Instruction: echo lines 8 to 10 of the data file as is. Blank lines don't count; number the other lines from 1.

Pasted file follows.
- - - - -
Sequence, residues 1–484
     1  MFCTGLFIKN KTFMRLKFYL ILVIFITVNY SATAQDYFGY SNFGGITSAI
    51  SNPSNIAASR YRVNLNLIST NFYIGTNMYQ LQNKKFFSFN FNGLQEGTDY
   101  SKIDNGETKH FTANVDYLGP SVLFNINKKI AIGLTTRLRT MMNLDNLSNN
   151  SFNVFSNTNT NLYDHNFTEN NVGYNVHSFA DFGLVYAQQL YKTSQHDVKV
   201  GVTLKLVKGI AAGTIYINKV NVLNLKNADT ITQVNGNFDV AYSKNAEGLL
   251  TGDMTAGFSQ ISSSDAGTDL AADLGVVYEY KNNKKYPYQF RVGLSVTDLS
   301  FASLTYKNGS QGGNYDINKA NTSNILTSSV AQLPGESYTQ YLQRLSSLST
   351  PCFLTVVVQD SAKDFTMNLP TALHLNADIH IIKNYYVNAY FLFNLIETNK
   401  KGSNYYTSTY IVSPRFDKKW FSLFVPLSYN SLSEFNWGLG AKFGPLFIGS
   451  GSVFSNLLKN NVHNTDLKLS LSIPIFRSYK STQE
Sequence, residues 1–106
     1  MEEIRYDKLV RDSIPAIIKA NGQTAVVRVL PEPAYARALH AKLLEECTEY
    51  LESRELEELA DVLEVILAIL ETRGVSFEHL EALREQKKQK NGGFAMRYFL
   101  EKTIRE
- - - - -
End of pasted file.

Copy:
   301  FASLTYKNGS QGGNYDINKA NTSNILTSSV AQLPGESYTQ YLQRLSSLST
   351  PCFLTVVVQD SAKDFTMNLP TALHLNADIH IIKNYYVNAY FLFNLIETNK
   401  KGSNYYTSTY IVSPRFDKKW FSLFVPLSYN SLSEFNWGLG AKFGPLFIGS